Results 1 to 6 of 6

Math Help - mapping

  1. #1
    Member
    Joined
    Feb 2010
    Posts
    133

    mapping

    Hello,

    I am considering the following map:

    T:L^{1}(0,2) \to T:L^{1}(0,2), (Tf)(x)=\int_{0}^{x}tf(t)

    I wan't to show that L^{1}(0,2) maps to L^{1}(0,2). I have done the following (but get stuck):

    \int_{0}^{2}|(Tf)(x)|dx=\int_{0}^{2}\vert \int_{0}^{x}tf(t)dt \vert dx \leq \int_{0}^{2} \int_{0}^{x}|tf(t)|dt dx

    How should I continue so that I and up with an expression which shows that \int_{0}^{2}|(Tf)(x)|dx<\infty? Swich of integral?

    Thanks.
    Follow Math Help Forum on Facebook and Google+

  2. #2
    MHF Contributor Drexel28's Avatar
    Joined
    Nov 2009
    From
    Berkeley, California
    Posts
    4,563
    Thanks
    21
    Quote Originally Posted by surjective View Post
    Hello,

    I am considering the following map:

    T:L^{1}(0,2) \to T:L^{1}(0,2), (Tf)(x)=\int_{0}^{x}tf(t)

    I wan't to show that L^{1}(0,2) maps to L^{1}(0,2). I have done the following (but get stuck):

    \int_{0}^{2}|(Tf)(x)|dx=\int_{0}^{2}\vert \int_{0}^{x}tf(t)dt \vert dx \leq \int_{0}^{2} \int_{0}^{x}|tf(t)|dt dx

    How should I continue so that I and up with an expression which shows that \int_{0}^{2}|(Tf)(x)|dx<\infty? Swich of integral?

    Thanks.
    Am I missing something or is \displaystyle \int_0^2\left|T_f(x)\right|\text{ }dx\leqslant \int_0^2\int_0^x |tf(t)|\text{ }dx\leqslant \int_0^2\int_0^2 |tf(t)|\text{ }d\text{ }dx\leqslant 2\int_0^2\int_0^2|f(t)|\text{ }dx\text{ }dt<\infty?
    Follow Math Help Forum on Facebook and Google+

  3. #3
    Member
    Joined
    Feb 2010
    Posts
    133
    Hey,

    How did you get:

    \int_0^2\int_0^x |tf(t)|\text{ }dx\leqslant \int_0^2\int_0^2 |tf(t)|\text{ }d\text{ }dx\leqslant 2\int_0^2\int_0^2|f(t)|\text{ }dx\text{ }dt

    Sorry, but it's not quite clear. Where does the upper limit 2 on the second integral come from and where does the constant 2 in the last expression come from??
    Follow Math Help Forum on Facebook and Google+

  4. #4
    MHF Contributor Drexel28's Avatar
    Joined
    Nov 2009
    From
    Berkeley, California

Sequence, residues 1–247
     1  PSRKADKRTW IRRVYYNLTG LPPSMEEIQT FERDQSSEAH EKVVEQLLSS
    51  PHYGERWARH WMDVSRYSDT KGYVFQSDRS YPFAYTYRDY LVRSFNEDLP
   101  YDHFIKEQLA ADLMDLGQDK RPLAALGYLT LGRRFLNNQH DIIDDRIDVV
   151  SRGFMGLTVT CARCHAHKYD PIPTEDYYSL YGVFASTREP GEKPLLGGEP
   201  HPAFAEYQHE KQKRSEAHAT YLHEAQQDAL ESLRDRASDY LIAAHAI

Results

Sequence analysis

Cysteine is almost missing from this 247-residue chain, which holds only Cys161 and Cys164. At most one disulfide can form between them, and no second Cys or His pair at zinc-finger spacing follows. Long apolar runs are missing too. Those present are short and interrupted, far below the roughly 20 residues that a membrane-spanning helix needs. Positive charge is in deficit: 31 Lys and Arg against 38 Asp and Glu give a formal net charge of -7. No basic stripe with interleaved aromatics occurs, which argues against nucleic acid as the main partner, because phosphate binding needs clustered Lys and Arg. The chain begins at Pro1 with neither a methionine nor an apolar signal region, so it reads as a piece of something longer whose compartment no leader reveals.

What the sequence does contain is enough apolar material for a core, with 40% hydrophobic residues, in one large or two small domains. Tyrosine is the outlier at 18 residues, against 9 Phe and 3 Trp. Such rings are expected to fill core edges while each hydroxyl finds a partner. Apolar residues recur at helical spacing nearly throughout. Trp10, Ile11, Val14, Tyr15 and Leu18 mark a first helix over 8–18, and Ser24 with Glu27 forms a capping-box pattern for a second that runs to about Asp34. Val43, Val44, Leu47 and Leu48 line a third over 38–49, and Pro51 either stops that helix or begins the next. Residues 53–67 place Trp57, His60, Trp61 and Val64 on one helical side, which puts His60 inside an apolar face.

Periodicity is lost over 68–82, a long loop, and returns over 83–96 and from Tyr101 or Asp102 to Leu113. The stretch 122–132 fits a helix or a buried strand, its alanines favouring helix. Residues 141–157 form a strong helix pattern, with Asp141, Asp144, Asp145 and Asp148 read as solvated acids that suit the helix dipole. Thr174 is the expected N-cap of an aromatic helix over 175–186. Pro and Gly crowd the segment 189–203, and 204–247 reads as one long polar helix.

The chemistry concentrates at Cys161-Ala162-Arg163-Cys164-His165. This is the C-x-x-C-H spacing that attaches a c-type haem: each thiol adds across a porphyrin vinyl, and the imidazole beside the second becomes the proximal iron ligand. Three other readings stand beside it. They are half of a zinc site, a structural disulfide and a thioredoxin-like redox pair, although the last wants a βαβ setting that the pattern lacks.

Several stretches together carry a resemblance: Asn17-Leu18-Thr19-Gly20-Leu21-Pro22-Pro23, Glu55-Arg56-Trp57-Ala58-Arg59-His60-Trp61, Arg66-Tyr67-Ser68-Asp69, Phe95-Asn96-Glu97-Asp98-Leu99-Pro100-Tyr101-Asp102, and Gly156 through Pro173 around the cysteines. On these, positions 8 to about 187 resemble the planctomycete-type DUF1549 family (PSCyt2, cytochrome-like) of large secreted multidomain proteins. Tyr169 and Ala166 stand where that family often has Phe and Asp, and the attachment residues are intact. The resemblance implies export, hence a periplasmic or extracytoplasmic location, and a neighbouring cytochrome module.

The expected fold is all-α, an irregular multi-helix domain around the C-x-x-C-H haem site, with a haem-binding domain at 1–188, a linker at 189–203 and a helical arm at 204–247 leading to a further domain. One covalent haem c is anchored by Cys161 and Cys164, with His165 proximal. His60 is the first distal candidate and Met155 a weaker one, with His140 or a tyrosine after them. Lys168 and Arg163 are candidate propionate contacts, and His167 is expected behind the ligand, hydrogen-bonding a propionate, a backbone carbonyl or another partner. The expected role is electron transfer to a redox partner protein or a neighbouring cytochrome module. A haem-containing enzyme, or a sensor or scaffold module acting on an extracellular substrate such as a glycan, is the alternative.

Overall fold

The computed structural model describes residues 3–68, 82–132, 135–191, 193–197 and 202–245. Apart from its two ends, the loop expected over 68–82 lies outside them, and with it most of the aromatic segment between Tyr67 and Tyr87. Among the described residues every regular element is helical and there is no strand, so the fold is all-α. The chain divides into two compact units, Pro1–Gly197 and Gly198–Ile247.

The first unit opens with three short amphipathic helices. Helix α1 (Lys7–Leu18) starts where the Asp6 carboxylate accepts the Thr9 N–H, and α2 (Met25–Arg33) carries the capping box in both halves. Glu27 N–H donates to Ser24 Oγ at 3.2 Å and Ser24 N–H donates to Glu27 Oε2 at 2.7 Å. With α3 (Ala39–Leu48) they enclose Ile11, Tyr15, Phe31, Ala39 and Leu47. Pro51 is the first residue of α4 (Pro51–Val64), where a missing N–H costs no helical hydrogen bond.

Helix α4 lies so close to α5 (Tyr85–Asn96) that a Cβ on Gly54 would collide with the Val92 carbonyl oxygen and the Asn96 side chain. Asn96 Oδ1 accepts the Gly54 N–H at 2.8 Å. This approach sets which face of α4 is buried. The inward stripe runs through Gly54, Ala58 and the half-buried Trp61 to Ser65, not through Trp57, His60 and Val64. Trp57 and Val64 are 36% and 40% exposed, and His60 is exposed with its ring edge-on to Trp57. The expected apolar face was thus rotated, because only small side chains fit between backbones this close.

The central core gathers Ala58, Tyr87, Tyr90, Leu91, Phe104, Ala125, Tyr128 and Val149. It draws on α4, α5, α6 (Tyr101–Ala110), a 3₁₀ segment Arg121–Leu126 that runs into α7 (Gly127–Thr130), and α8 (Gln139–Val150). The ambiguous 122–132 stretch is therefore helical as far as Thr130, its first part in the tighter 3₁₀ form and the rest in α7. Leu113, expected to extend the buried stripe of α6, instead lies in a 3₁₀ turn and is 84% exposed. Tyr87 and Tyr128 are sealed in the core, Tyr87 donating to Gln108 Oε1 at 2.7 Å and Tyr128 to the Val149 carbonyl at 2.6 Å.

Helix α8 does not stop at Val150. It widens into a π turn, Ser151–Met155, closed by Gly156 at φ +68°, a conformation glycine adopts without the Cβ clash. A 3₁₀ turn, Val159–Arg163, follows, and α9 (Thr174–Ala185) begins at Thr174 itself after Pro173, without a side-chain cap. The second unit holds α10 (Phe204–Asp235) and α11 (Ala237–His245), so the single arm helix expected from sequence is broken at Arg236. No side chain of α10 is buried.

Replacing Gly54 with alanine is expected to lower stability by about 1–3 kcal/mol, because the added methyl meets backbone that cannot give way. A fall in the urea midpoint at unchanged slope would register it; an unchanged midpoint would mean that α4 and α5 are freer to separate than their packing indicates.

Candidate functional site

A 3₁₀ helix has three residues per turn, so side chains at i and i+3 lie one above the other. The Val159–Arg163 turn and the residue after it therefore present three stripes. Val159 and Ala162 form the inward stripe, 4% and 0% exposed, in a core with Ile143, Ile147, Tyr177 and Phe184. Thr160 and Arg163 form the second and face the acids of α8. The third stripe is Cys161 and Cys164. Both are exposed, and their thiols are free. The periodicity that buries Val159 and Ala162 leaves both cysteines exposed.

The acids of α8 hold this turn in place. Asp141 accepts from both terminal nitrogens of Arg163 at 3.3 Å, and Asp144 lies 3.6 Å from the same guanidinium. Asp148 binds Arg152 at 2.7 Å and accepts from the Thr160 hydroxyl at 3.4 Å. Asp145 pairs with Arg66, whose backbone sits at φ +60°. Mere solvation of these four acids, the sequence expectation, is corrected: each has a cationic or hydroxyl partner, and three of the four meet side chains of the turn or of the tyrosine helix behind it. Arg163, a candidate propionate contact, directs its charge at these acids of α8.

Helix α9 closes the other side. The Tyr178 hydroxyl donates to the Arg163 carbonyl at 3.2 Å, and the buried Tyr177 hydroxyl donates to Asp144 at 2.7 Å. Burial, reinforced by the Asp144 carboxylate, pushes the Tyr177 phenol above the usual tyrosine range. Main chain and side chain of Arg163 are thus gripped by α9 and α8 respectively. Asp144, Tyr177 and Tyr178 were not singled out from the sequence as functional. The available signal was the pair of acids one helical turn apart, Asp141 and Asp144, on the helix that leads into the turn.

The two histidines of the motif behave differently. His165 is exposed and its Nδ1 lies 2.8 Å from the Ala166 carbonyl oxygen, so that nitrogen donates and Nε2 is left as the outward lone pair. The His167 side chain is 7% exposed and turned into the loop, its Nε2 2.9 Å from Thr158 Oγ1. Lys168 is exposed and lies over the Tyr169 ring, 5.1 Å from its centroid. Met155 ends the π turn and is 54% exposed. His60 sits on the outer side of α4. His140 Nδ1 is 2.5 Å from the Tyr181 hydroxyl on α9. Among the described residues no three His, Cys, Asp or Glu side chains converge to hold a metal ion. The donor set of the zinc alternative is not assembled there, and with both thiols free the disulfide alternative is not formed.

Posts
    4,563
    Thanks
    21
    Quote Originally Posted by surjective View Post
    Hey,

    How did you get:

    \int_0^2\int_0^x |tf(t)|\text{ }dx\leqslant \int_0^2\int_0^2 |tf(t)|\text{ }d\text{ }dx\leqslant 2\int_0^2\int_0^2|f(t)|\text{ }dx\text{ }dt

    Sorry, but it's not quite clear. Where does the upper limit 2 on the second integral come from and where does the constant 2 in the last expression come from??
    Use the fact that for a Lebesgue integral \displaystyle \left|\int f\;dm\right|\leqslant \int |f|\;dm, to get the first step, the second clearly comes since for each x\in[0,2] it's evidently true that \displaystyle \int_0^x |tf(t)|\text{ }dt\leqslant \int_0^x|tf(t)|\text{ }dt+\int_x^2 |tf(t)|\text{ }dt=\int_0^2 |tf(t)|\text{ }dt then the last step comes from the fact that |t|\leqslant 2 on [0,2]
    Follow Math Help Forum on Facebook and Google+

  5. #5
    Member
    Joined
    Feb 2010
    Posts
    133
    Hello,

    To show that the operator mentioned in the beginning is bounded, I have done the following using the above calculations p=1:

    \Vert (Tf)(x) \Vert = \int_0^2\int_0^x |tf(t)|dtdx\leq 2\int_0^2\int_0^2|f(t)|dtdx

    If I could somehow get "rid" of one of the integrals then I would be home free?!!! Any suggestions?

    Thanks.
    Last edited by surjective; April 5th 2011 at 05:06 PM.
    Follow Math Help Forum on Facebook and Google+

  6. #6
    MHF Contributor Drexel28's Avatar
    Joined
    Nov 2009
    From
    Berkeley, California
    Posts
    4,563
    Thanks
    21
    Quote Originally Posted by surjective View Post
    Hello,

    To show that the operator mentioned in the beginning is bounded, I have done the following using the above calculations p=1:

    \Vert (Tf)(x) \Vert = \int_0^2\int_0^x |tf(t)|dtdx\leq 2\int_0^2\int_0^2|f(t)|dtdx

    If I could somehow get "rid" of one of the integrals then I would be home free?!!! Any suggestions?

    Thanks.
    I think you may be overthinking this.. \displaystyle \int_0^2\int_0^2 |f(t)|\text{ }dt\text{ }dx=4\int_0^2|f(t)|\text{ }dt
    Follow Math Help Forum on Facebook and Google+

Similar Math Help Forum Discussions

  1. mapping
    Posted in the Advanced Applied Math Forum
    Replies: 1
    Last Post: April 10th 2011, 12:14 AM
  2. Mapping
    Posted in the Differential Geometry Forum
    Replies: 2
    Last Post: March 10th 2011, 01:52 AM
  3. Complex open mapping & conformal mapping problems.
    Posted in the Differential Geometry Forum
    Replies: 1
    Last Post: February 22nd 2011, 07:26 AM
  4. mapping
    Posted in the Discrete Math Forum
    Replies: 1
    Last Post: November 13th 2008, 08:24 PM
  5. Mapping: one-to-one and onto
    Posted in the Discrete Math Forum
    Replies: 7
    Last Post: November 6th 2008, 07:41 PM

Search Tags


/mathhelpforum @mathhelpforum